When I give presentations about teaching, I always urge the audience members to experiment as much as possible. It is hard to make improvements if you are not willing to try new things. I am always reminded of Albert Einstein’s definition of insanity: doing the same thing over and over again and expecting different results.
Some experiments work and some experiments don’t work. That is just the nature of the game. However, you will never find the winners if you are not willing to risk some losers. Playing it safe is no fun (and provides no benefit).
I tried an experiment with my final exam about two weeks ago. Even now, I am still not sure whether it was a winner or a loser but I found it interesting. I like the fact that I am still thinking about it.
What is the purpose of a final exam? I can think of two reasons. First, it gives the students one last opportunity to influence their grades. There is something about having hope for improvement that keeps students working until the end. Second, the final exam forces the students to review the material and, hopefully, get it better set in their understanding. In other words, they learn more.
I like giving my students an opportunity to improve their grades but my main reason for believing in final exams is that I really want them to leave the semester with all of the knowledge fresh in their minds. The final exam should encourage them to tie all of the material from the semester into a cohesive whole.
Unfortunately, I have often been disappointed in the results of final exams. Students seem overwhelmed by the huge amount of material and flit back and forth during their studies over the various topics without really getting a strong grip on any of it. They just don’t always learn as much as I want from their preparation.
So, at the end of my Intermediate Accounting II test this past semester, I wrote out 49 multiple-choice questions that covered everything that we had discussed that I thought was essential. I tried to gear each question to take about 4 minutes to solve. Although they were designed to be multiple-choice questions, I did not include any answers—just the questions.
Ten days before the final exam, I distributed these questions to my students along with the following speech: “Here is your final exam. These are the 49 questions that I would really love for you to be able to answer on the final exam. When you arrive for the final exam, you will have three hours to answer these questions. I will only make three changes from what you see here:
“1 – I will change the order of the questions.
“2 – I will add four multiple-choice answers to each question along with a “none of the above” answer.
“3 – Most importantly, for each question, I will change one or more of the variables in the question. For example, if the cost is $400,000, I might change that to $500,000. If the life is 5 years, I might change that to 10 years. If the interest rate is 8 percent, I might change that to 10 percent. If the blue method is used, I might change that to the red method. But the question will be fundamentally the same. If you can answer these questions, you should be able to answer all questions on the test.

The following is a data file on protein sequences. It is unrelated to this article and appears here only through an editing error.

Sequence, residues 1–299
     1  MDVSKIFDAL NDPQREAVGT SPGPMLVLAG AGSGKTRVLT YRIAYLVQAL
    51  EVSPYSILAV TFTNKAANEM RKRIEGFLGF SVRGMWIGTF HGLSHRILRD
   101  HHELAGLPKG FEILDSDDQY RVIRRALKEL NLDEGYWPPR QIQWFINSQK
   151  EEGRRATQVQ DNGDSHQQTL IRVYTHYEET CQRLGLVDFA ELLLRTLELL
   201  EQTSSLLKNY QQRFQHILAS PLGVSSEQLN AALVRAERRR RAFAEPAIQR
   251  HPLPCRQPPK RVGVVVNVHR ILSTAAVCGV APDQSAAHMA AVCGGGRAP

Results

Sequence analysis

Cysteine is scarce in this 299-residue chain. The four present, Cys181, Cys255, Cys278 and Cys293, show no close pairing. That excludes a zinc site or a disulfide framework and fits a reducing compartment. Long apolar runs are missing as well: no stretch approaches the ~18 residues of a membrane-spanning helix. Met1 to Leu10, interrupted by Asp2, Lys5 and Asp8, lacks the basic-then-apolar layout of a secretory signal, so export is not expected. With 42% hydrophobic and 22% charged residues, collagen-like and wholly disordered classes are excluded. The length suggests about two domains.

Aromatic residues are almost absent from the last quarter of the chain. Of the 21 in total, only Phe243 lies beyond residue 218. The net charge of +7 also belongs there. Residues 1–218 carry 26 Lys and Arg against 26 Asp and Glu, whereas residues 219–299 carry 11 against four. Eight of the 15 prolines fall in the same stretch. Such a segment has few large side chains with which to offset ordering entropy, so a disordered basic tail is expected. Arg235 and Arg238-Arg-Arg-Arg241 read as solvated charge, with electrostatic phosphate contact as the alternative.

“If you make sure you can work these 49 questions over the next ten days, you should make 100. But you must understand the problem so well that my changing of the variables will not really slow you down. I realize these are very difficult questions, but they cover the essentials that I want you to be able to work. You’ve got ten days to get these 49 under control.”
I quite honestly was not sure what was going to happen. In the end, the A students missed about 6 of the questions and got 43 correct. The B students missed about 13 and got 36 correct. The C students missed about 20 and got 29 correct. (The D and F students missed more, as you might imagine).
If I had given this test without the pre-test, I am convinced that most would have missed 50 to 100 percent more than they did. Students had clearly gone over the pre-test and learned to work many of the questions. They knew where to focus their attention. However, the number of missed questions was still higher than I had anticipated. Okay, these were 49 extremely tough questions about leases, pensions, cash flows, bonds, deferred taxes, and the like. But I really expected someone to become obsessed and learn them all backwards and forwards and make 100. That didn’t happen. Even with ten days, they just didn’t have enough time for that.
What interested me the most was that this type test had little impact on overall grades. Of all my students, the final exam grade made by 68 percent was within five points of their overall average for the semester. Students with an 82 average made about 82 and students with a 95 average made about 95. Only 32 percent had more than a 5 point difference between this test from their final average. I really had expected a greater number of students to show a greater change.
But, the basic question is still the same-did the students learn more in their studying? That was what I was trying to accomplish. And, I think they did that. Or, at least, I am encouraged enough to try it again. Maybe, this time with 40 questions instead of 49. Maybe, you just can’t do 49 complex questions in three hours even with a ten-day head start.
That’s my most recent experiment and how it worked. What was yours?